Image Image Image Image Image Image Image Image Image Image
Scroll to top

Top

An Acquired Taste: Britain’s Global Food Uprising

An Acquired Taste: Britain’s Global Food Uprising

FishnChips‘Boring, bland and boiled’: just a few of the words commonly used to describe traditional British food around the world. For years Britain’s classic fare has been the butt of countless jokes on the continent and overseas, with the French apparently being most offended by Britain’s culinary offerings. “After Finland, it is the country with the worst food,” former French President Jacques Chirac famously said in 2005. While it’s true that there are probably few countries across the world that can list ‘egg and chips’ on the menu and consider it a proper meal – and even fewer that can muster genuine enthusiasm for beans on toast and a cup of tea – this reputation for appallingly plain stodge is undeserved. Two world wars and heavy rationing dragged British cooking back several centuries, but recently London has been busy establishing itself as one of the top gastronomic capitals and it looks like the world is finally taking note.

Although it will undoubtedly take several more decades to shake off this poor culinary reputation in its entirety, it seems as though countries are beginning to develop a taste for classic British dishes and produce.

Let’s start with the French: sometimes-friend, sometimes-adversary, the French have never shied away from the chance to have a jibe at the British, and the Brits have never had a problem reciprocating. But now the country that prides themselves on being the gastronomic capital of the world has developed a taste for English cuisine.

It Started with Cheese

Previously reluctant to forgo their delicious brie and camembert for pale foreign efforts, the French palate has acquired a taste for strong West Country farmhouse cheddar. The foreign profits of Cathedral City cheddar have grown by 10–15% a year, and this increase in demand isn’t limited to France.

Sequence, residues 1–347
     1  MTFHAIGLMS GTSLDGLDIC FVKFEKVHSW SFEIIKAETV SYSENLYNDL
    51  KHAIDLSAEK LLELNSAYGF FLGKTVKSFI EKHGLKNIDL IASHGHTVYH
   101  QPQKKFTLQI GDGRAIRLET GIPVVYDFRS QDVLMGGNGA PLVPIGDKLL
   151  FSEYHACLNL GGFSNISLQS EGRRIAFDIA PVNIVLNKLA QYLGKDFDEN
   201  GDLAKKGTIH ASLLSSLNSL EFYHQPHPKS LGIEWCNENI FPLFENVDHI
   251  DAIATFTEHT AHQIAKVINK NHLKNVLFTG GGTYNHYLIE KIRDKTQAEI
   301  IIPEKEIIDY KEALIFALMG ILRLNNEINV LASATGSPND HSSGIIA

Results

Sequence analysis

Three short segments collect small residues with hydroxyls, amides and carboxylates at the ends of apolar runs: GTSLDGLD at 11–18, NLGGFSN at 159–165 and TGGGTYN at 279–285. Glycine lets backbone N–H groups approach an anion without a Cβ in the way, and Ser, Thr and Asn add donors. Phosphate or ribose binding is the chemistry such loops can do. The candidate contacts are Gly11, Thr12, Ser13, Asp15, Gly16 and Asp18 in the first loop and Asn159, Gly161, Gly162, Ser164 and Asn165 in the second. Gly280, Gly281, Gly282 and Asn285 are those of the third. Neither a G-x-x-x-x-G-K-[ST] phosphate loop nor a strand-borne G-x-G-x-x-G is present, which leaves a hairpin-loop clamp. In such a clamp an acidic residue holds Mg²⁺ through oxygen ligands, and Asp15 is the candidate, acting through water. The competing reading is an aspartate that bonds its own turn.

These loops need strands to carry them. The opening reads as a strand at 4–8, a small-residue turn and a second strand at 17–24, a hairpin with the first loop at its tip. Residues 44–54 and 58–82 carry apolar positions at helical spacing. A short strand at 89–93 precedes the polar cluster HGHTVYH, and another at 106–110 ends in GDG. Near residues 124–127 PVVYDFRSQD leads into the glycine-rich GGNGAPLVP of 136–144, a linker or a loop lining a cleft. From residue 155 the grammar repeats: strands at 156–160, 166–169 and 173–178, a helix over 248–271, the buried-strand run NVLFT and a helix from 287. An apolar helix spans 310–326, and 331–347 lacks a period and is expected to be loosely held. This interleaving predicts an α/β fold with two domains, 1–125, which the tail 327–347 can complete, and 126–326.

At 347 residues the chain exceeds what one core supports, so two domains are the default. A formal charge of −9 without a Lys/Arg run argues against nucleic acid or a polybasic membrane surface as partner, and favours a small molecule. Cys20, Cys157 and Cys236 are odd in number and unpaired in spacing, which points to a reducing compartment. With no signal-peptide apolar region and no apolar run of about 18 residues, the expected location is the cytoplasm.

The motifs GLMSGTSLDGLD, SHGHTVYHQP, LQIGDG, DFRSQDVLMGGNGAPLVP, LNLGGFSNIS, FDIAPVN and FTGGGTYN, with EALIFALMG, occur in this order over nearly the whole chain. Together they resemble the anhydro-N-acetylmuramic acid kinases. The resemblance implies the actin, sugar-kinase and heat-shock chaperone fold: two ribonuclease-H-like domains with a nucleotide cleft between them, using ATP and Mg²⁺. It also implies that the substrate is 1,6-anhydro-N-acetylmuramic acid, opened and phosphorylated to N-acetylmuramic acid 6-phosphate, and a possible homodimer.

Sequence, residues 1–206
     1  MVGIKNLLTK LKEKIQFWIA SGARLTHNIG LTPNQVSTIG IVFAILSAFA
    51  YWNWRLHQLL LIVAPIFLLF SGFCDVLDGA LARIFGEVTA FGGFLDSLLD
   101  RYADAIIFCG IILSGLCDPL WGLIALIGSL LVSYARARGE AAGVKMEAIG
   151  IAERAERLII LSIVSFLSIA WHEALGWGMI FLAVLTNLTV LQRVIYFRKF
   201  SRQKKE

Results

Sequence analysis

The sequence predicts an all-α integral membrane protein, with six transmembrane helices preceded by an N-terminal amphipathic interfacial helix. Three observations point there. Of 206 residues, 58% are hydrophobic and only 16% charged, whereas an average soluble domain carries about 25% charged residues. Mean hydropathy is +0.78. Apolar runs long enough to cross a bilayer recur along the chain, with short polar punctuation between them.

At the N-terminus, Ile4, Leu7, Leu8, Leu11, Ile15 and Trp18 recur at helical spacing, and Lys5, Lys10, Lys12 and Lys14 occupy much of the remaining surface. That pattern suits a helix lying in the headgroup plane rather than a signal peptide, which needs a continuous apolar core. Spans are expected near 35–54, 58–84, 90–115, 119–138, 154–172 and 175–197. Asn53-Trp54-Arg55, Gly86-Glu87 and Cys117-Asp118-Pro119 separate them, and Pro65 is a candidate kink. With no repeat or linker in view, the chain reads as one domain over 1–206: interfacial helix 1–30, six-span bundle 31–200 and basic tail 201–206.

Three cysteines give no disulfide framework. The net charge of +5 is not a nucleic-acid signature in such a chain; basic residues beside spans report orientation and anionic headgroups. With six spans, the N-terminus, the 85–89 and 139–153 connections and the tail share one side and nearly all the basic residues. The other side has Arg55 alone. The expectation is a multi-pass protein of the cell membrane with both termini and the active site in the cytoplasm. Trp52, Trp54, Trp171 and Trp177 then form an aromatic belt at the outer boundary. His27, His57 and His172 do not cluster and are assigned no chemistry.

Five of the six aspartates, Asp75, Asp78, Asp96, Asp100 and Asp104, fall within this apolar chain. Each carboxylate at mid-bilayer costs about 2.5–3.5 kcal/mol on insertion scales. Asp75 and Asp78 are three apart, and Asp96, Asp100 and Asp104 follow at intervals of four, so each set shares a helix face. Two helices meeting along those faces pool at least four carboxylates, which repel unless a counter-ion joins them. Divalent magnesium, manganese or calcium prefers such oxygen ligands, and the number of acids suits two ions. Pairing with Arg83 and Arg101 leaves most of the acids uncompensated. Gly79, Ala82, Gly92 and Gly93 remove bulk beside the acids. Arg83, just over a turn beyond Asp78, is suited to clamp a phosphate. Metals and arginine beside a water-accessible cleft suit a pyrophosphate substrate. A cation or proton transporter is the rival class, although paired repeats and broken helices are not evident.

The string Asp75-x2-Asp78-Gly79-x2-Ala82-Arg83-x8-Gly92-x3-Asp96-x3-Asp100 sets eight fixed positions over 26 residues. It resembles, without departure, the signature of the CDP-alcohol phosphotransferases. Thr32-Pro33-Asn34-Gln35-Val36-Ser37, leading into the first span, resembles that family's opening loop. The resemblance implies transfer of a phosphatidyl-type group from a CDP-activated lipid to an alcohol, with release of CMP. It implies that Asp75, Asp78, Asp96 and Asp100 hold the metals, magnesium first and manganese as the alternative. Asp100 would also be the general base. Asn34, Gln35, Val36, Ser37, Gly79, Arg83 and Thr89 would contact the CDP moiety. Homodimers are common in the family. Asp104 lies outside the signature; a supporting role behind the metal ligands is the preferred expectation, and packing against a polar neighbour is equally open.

Cheddar is now just as popular in Germany, Spain, Switzerland, Benelux and Scandinavia. In 2010, Britain made approximately 700 different types of cheeses – 100 more than France – with Stilton and Cornish goat’s cheese also in-demand across the channel.

The Rise of British Bread

The enthusiasm for British cheese quickly spread to sandwiches, pun intended, as the French discovered the joys of packaged, triangular, soft-bread with an unprecedented array of fillings. Wholesome, filling and rustic, there’s no knocking the baguette, but these often contain little more than a smear of butter and a slice of cheese or ham, a far cry from a full-to-bursting sandwich. The opening of Marks and Spencer in Paris in 2011 saw queues of hundreds of Parisians all keen to grab a classic M&S sandwich. That year the French got through over two billion sandwiches.

Cheese and fast food may be one thing, but what about British dishes? In the past few years France has also discovered the delights of a traditional fruit crumble, thanks in part to the French cook book Crumbles which took the cookery market by surprise.

“Part of the charm is the Englishness,” a spokeswoman for publishing house Marabout said, after the first edition sold a startling 200,000 copies.